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University of California Santa Barbara (2021)

Restoring Native California Grasslands in a Changing Climate

Nolan, Madeline Pinsonneault

Titre : Restoring Native California Grasslands in a Changing Climate

Auteur : Nolan, Madeline Pinsonneault

Université de soutenance : University of California Santa Barbara

Grade : Doctor Philosophy (PhD) in Ecology, Evolution and Marine Biology 2021

Résumé partiel
Over the last two centuries, there has been a dramatic shift in the composition of grassland communities in California due to anthropogenic disturbances, the cessation of Native American burning and invasion by exotic species. As a result, the majority of grasslands in California are dominated by exotic annual grasses and forbs, with native species making up only a small fraction of the cover at most sites. These exotic dominated grasslands also tend to persist despite the cessation of the disturbances that created them (agricultural tillage, livestock grazing) rather than convert back to perennial communities suggesting that active restoration will be required to reestablish native grassland communities. My dissertation seeks to improve restoration outcomes in California grasslands by exploring the mechanisms that influence the establishment and persistence of native grassland species during restoration and how climate change is likely to interact with these mechanisms. I began with a meta-analysis of previous restoration research to understand if there were certain restoration techniques that consistently improved native plant establishment in grassland and sage scrub ecosystems across California. I categorized techniques by the constraint they addressed (dispersal, abiotic, or biotic) to determine which restoration practices are more likely to improve plant establishment. I explored the impact of these practices on whole communities and on different functional groups (grass, forb, and shrub). In total, I analyzed establishment success in 53 studies and found that in grassland and sage scrub communities addressing the dispersal filter (seed availability at the site) is the best way to improve plant establishment regardless of functional group. This suggests that most native plants targeted in restoration are seed limited and thus adding seeds or seedlings will lead to the greatest improvement in establishment compared to other restoration techniques. Native plant establishment can also be affected by the seed provenance, with many practitioners restricting seed collection to local areas near to a restoration site. This restoration technique, termed “local seed collecting”, is practiced because it is assumed that most plants are adapted to local environmental conditions. There is however, considerable debate about whether local seed collection should be the default seed sourcing strategy as the effects of climate change are increasingly considered in restoration planning. It is especially important to explore whether local seed sourcing is necessary for dominant species often used in restoration. One such species is Stipa pulchra, a commonly planted perennial grass in California projects that is extant across a wide geographic range. In my second chapter, I explore how different seed sourcing strategies affect the establishment and growth of S. pulchra. I established three common garden plots distributed across a latitudinal gradient in California, and into them I planted seeds collected from seven distinct populations of S. pulchra. I then monitored their growth and reproduction for two years. I found limited evidence that restricting seed collection to local populations of S. pulchra resulted in higher performance than using seeds from more distant populations. Instead, I found evidence to support an admixture seed sourcing approach as a way to increase resiliency to environmental variation.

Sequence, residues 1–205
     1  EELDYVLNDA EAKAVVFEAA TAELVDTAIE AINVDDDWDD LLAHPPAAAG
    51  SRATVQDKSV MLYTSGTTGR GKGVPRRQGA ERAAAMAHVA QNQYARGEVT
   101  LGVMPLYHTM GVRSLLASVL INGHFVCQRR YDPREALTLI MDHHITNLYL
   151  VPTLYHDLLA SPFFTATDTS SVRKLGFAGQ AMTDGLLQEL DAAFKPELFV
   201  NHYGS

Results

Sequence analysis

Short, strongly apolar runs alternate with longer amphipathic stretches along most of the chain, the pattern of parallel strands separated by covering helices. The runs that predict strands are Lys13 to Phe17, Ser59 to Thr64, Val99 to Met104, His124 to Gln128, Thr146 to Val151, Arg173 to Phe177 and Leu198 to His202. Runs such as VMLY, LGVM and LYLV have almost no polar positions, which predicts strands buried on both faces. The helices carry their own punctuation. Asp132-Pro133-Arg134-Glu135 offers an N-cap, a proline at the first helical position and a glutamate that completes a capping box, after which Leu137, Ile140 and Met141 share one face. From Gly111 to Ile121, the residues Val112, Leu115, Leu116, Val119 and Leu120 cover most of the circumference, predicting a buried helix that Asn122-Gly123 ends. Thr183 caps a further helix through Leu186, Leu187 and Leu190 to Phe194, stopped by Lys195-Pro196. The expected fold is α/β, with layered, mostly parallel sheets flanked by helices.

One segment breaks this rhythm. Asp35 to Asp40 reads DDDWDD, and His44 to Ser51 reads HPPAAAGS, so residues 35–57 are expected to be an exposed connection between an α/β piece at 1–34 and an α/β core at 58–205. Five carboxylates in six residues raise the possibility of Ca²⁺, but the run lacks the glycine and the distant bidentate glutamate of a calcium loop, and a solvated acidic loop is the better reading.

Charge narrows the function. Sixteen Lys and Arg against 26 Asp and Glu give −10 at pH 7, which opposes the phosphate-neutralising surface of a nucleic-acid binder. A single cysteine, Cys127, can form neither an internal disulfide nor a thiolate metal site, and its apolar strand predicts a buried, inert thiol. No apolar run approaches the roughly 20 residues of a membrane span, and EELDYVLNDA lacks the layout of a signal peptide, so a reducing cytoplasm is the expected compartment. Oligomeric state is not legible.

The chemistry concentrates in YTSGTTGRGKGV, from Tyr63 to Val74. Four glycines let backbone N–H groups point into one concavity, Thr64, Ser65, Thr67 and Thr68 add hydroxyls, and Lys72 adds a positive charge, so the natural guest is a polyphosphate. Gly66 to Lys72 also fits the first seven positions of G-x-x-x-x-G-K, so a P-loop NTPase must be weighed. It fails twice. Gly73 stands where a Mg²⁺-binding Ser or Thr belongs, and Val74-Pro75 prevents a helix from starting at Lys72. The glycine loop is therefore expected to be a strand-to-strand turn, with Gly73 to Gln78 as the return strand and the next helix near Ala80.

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Page publiée le 7 décembre 2021